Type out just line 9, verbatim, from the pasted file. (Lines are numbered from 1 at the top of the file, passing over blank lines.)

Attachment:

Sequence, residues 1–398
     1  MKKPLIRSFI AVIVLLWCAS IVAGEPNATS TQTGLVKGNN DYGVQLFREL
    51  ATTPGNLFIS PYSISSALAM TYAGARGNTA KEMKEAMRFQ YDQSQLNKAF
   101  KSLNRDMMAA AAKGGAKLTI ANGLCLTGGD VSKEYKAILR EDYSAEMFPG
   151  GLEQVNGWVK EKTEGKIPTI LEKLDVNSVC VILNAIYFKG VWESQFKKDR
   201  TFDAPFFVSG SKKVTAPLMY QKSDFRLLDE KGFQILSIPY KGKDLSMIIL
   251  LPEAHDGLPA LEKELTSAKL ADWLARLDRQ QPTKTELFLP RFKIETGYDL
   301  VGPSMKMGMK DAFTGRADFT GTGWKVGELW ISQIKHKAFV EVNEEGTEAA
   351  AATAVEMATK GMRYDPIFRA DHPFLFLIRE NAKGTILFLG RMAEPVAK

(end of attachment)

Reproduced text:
   351  AATAVEMATK GMRYDPIFRA DHPFLFLIRE NAKGTILFLG RMAEPVAK